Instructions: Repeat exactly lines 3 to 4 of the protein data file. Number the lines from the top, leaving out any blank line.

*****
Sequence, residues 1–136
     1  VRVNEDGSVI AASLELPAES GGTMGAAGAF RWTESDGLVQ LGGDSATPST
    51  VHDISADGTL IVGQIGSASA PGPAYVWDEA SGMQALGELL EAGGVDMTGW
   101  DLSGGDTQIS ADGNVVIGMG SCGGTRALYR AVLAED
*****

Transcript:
    51  VHDISADGTL IVGQIGSASA PGPAYVWDEA SGMQALGELL EAGGVDMTGW
   101  DLSGGDTQIS ADGNVVIGMG SCGGTRALYR AVLAED